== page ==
|Genre(s): Drama / Foreign / Horror / Mystery|
|Magnolia || R - 119 minutes - $26.98 || February 21st, 2006|
|Reviewer: Brian Oliver || Posted On: 2006-02-21|
Writer(s): Kiyoshi Kurosawa (written by)
Theatrical Release Date: November 11th, 2005
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Plot Outline (from DVD back cover): A group of young friends is rocked by the sudden suicide of one of their own. When his ghostly image appears on their computer screens, something far more horrifying is unleashed. The terror mounts as more deaths and disappearances occur, Kurosawa's Pulse is a psychologically unsettling tale, which effects will endure long after the chills have subsided.
When I first watched Kurosawa's Pulse (or Kairo), I was scared, moved and confused all at the same time. On the one hand, I get the message of human connections and the role the Internet plays in tearing us apart... and pushing into loneliness. If you're like me -- someone who doesn't see too many Asian flicks --, you'll no doubt be lost as I was at times. However, in the end, I did "get" enough to find the film to be disturbing and sad.
Kurosawa's Pulse is an interesting and low-key horror-thriller which also contains a certain sadness beneath it which, although doesn't completely pull the viewer in, is still compelling to a certain degree.
I have to admit that as a reviewer who is still new to the Japanese-horror genre, I didn't really follow the plot (I also no doubt missed several cultural references such as the color red), but I will try to give a broad description: several twenty-somethings whose lives are changed after a friend commits suicide and strange things happen when ghosts supposedly haunt them from the internet. This, as some surmise and I agree, is the director's views of the World Wide Web where even though we "talk" on the Web, the more we do so, the more we lose human contact. In any case, as the movie goes on, more and more people begin to "vanish" and we're left with one of the more haunting tales I have witnessed.
Since the film is subtitled and is spoken in a language I can't understand, it is a bit futile to judge the acting skills. I can say, however, it seemed the primary players (played by Kato, Aso and even Arisaka) provided good emotion to their parts. The direction by Kiyoshi Kurosawa is tense at times, but not very scary in the least. Also, I found the picture as a whole to be too dark, not in terms of subject, but literally. There's a particular scene where one of the characters runs into a dark room and hides from something or somebody. They hide underneath a table and wait in silence as something approached. Problem is, I couldn't tell what it was. From my TV screen (so to be fair, it might look better on the big screen), it looked totally black. Because of that, why would I be scared?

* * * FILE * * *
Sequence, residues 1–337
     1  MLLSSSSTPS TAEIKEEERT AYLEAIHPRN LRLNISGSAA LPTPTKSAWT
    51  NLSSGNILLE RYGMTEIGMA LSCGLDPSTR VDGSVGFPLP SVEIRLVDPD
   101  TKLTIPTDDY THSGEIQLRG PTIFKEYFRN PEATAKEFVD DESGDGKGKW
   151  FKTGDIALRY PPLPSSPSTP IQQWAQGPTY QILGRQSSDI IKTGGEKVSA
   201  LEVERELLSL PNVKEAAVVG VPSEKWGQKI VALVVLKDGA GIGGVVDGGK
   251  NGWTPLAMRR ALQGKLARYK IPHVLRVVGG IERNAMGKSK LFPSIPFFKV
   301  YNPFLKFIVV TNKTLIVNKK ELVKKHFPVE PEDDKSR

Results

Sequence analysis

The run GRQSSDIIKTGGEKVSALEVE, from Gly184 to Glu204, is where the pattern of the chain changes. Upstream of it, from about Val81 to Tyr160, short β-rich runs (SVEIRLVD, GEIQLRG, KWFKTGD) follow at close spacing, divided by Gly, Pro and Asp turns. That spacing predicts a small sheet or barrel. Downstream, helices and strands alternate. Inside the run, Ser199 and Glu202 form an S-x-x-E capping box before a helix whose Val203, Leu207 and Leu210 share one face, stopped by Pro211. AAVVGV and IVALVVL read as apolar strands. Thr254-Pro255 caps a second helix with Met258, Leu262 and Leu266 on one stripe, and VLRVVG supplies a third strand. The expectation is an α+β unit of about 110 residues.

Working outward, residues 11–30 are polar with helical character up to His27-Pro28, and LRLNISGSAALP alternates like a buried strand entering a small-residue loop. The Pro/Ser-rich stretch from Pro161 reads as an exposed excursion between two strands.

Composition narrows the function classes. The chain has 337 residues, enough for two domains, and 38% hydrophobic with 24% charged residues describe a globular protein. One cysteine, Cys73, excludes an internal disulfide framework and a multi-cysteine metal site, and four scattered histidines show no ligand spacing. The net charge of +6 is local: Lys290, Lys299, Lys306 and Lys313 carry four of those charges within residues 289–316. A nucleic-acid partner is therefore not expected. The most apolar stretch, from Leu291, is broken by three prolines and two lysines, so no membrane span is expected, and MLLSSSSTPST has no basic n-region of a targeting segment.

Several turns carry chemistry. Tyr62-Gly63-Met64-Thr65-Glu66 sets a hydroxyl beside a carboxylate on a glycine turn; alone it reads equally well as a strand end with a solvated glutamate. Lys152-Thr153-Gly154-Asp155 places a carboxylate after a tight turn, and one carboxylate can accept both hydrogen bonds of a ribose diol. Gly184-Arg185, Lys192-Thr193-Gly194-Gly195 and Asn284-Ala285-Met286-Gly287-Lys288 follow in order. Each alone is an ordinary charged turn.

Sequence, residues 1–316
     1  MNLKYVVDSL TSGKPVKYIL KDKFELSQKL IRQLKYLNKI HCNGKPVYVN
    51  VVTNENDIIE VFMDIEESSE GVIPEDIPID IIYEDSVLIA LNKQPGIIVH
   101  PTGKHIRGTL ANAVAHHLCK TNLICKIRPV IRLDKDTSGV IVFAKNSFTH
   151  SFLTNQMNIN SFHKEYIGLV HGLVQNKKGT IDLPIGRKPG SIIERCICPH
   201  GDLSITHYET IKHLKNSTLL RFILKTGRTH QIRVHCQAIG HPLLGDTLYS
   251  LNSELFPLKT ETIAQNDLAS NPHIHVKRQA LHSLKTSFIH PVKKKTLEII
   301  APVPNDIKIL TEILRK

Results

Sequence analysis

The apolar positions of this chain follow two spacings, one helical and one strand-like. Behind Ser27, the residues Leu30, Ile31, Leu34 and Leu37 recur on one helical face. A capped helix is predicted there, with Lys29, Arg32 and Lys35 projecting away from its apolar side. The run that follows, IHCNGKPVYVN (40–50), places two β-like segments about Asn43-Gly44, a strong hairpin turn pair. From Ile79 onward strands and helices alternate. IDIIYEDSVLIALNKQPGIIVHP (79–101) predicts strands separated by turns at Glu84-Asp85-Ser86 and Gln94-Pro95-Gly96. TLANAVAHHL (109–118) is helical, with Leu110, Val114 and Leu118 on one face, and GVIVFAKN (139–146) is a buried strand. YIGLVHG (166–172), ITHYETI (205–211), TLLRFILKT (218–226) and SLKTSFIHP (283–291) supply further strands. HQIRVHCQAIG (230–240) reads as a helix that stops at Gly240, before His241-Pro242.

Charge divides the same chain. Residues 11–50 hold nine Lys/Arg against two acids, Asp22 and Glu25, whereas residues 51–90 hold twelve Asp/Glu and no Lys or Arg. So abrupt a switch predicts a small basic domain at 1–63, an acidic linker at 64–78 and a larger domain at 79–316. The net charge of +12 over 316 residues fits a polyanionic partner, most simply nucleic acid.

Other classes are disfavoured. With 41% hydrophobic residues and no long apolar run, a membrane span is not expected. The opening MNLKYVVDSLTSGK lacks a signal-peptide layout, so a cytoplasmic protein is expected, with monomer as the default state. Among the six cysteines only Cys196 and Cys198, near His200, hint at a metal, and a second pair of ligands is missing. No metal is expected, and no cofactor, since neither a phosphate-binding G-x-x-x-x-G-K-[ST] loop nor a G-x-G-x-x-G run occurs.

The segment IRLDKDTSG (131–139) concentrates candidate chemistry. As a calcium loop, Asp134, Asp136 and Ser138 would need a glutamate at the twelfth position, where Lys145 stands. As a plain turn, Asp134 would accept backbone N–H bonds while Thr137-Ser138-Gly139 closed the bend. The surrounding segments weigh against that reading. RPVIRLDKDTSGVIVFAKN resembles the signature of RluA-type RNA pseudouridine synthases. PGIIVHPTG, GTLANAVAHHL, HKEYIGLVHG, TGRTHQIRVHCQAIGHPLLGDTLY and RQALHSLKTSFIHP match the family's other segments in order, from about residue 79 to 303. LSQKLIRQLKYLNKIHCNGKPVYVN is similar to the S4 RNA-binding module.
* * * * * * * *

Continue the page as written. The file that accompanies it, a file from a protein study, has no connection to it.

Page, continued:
Outside of some of the more technical aspects and language barriers, I still found Pulse to be a nice human story and a warning about the Internet and how more and more use it as their basis of communication. Pulse was actually released elsewhere around the world in 2001 so it is a few years old, but the message holds even more true today.
Overall, it is difficult for me to tell you whether or not you'll like it. As a novice for Japanese-horror, I enjoyed it despite its depressing nature. The story itself kept me at least semi-captivated and the apocalyptic mannuerism seems relevant. On a side note I noticed that, sadly, as with The Sludge and The Ring/Two, there is an Americanized version headed for theaters in '06... which, based on the casting, I doubt it will reach any kind of emotional level or send a message and instead will be a PG-13 horror flick with the empiness or loneliness those characters in this one felt.
Anyways, for those of you who are fans of the genre, will anything I or anyone else say stop you from seeing this? I certainly hope not.
For a better idea of the plot (as mine isn't very complete), check out this site: http://mandiapple.com/snowblood/kairo_pulse.htm
Magnolia Home Entertainment doesn't provide much in terms of special features... No deleted scenes, outtakes or commentary (one from an expert on Asian films would've been nice), but the one feature that is included is quite telling on how they make films in Japan.
The Making of Pulse - Surprisingly lengthy behind-the-scenes featurette that gives insight into how Kurosawa directed this film and how, in my opinion, perfectionistic he is with doing take after take until he felt it was done right. The most interesting part was setting up for the dramatic CGI scene toward the end. In between the footage are comments from the director, explaining his philosophy on filmmaking and on the subject of ghosts and the meaning of the film. Running over 30-minutes, it doesn't play like your regular featurette and it doesn't flow well, this one is better than expected.
The DVD also includes the trailer along with a couple other Magnolia films (which cannot be skipped).
.::AUDIO & VIDEO::.
B>Picture: The film, as it's supposed to be, is very dark and grainy which further escalates the terror of the story. The darkness also showcases a somber mood mixed with the horror.
Sound: The only audio track is a Japanese language, 2.0 mix. It sounds alright on the surround sound, but regular TV speakers probably are more appropriate as there's no depth. Have to wonder why the region 3 copy got a 5.1 Dolby mix, though...
While Pulse is a good movie that surely will strike some conversation afterwards, I'm not so sure what replay value it has. The movie itself is a tad slow but beyond that, you have a subject matter that -- at least for me -- don't want to think about a whole lot. If you're a fan of Asian films, then of course give it a buy, otherwise try and find it for rent before you see the Americanized remake.